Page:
My first exposure to programming was as a nerdy elementary schooler playing with Logo, a simple computer language written for educational use as a way to teach basic concepts in programming and computer science. The language controls the behavior of the "turtle," a triangular cursor in the middle of the screen that can be programmed to move around and draw lines.
In one of the kid's versions I remember that the cursor even looked like a little turtle on the screen, not just a triangle. As you probably could tell, I'm fascinated by how computer scientists use language from living things and biology in their programs, even something as simple as calling a cursor a "turtle". What I didn't know until I saw this article over at cyberneticzoo today is that the turtle was named after an actual robot that was used in the early 1970s as a physical "cursor" that was controlled by the program, moving around on a piece of paper and drawing lines with a marker. The robot was a little dome that looked kind of like a turtle shell, hence the name!
The Logo turtle itself was based on an even earlier robot, Grey Walter's tortoise from the late 1940s. The tortoise was, like the turtle after it, a round, three-wheeled, slow-moving robot that was able to sense light and move towards its charging station when it ran out of batteries. Grey Walter's research focused on trying to recreate the complexity of the animal brain with analog electronic processing, to see how simple wiring could lead to complex behavior. He was working explicitly on creating artificial life, even giving his robots pretend species names like Machina docilis or Machina spectulatrix, with simple "brains" that were able to learn from their experiences and even have a degree of "self-awareness", watching themselves in the mirror, "Twittering, and jigging like a clumsy Narcissus."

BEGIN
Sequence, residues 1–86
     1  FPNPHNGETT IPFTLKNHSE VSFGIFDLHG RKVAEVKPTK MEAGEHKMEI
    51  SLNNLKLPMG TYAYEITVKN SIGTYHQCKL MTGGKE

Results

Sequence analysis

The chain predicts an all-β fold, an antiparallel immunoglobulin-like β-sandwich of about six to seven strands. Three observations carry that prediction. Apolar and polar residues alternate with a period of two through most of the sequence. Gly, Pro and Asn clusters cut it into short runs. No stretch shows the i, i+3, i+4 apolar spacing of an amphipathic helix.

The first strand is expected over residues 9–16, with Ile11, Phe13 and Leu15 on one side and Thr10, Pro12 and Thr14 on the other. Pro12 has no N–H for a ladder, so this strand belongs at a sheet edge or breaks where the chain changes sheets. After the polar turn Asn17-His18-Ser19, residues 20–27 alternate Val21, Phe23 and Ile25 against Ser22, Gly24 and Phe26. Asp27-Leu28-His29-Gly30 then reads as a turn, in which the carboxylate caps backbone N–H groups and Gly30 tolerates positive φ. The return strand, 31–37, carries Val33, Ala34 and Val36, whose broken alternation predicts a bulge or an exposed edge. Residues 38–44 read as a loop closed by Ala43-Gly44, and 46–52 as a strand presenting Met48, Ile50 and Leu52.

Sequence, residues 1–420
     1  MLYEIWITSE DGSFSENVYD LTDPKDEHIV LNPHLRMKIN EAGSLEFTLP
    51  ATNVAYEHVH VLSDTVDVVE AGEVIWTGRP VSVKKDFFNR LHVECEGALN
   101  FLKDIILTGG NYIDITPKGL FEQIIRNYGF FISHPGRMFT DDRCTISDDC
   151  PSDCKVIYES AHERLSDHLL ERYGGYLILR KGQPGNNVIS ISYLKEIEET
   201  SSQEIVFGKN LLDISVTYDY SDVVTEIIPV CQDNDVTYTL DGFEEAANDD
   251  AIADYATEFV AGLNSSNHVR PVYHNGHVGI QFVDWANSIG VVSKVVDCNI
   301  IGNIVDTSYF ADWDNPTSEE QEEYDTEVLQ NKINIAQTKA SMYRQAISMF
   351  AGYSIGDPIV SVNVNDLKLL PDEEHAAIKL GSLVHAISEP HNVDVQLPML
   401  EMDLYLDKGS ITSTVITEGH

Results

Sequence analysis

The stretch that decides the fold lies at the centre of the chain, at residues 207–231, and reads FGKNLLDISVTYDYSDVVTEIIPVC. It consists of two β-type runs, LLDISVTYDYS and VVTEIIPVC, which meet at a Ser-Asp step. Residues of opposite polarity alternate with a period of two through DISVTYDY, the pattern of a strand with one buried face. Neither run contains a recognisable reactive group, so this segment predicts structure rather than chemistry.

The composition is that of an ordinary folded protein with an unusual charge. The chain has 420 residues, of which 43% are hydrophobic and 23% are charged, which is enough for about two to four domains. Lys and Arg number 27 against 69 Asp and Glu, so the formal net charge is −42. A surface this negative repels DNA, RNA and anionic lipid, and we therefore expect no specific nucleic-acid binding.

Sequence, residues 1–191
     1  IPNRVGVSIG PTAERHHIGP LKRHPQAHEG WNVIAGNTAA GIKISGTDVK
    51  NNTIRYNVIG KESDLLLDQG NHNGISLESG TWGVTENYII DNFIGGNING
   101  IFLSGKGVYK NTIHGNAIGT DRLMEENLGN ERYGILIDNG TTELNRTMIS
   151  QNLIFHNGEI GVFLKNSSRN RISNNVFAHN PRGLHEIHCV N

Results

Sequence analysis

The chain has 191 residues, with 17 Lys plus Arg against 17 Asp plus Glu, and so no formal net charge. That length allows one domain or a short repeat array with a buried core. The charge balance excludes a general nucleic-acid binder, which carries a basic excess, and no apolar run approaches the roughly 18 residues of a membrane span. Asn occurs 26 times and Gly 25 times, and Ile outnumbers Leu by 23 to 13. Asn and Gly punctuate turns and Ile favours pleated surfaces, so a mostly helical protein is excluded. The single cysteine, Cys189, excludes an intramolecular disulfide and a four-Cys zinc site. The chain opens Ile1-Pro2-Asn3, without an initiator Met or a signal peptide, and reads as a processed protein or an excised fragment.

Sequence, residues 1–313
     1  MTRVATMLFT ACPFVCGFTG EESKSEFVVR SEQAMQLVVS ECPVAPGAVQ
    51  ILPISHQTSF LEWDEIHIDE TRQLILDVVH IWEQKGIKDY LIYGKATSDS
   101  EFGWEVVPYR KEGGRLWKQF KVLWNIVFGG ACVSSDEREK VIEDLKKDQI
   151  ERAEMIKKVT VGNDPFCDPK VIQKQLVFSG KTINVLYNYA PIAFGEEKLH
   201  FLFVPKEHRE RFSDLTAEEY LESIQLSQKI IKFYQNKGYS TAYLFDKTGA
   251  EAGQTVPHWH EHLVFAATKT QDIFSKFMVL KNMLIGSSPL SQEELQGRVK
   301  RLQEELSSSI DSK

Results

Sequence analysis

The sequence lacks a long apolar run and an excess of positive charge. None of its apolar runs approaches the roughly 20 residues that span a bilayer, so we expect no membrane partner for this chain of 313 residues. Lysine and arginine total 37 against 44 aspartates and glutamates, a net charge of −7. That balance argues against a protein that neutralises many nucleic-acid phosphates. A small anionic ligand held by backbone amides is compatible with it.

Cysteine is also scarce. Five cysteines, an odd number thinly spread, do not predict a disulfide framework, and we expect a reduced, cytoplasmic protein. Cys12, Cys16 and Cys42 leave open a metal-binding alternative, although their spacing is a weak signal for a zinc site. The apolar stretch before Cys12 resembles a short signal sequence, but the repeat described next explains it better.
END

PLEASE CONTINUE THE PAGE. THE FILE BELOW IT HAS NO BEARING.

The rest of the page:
It's amazing how such simple robots can seem so alive, so actually "turtle-like." These friendly, animal-like robots are so interesting in the way that we design them to mimic living creatures and in the way that we relate to them and use them for all sorts of different things. It's no surprise that the Roomba looks and behaves a lot like the Logo turtle.
Logo was a very nice language indeed... to us grown-ups. It was supposed (by grown-ups) to be just right for teaching kids to code, but when I got it back in the 80s and taught my kids how to use it (on a C-64) they made a few spirals and very soon dropped it in favor of BASIC (yuck!). Maybe they were too young to be impressed by the logic and elegance of the language the way I was :-)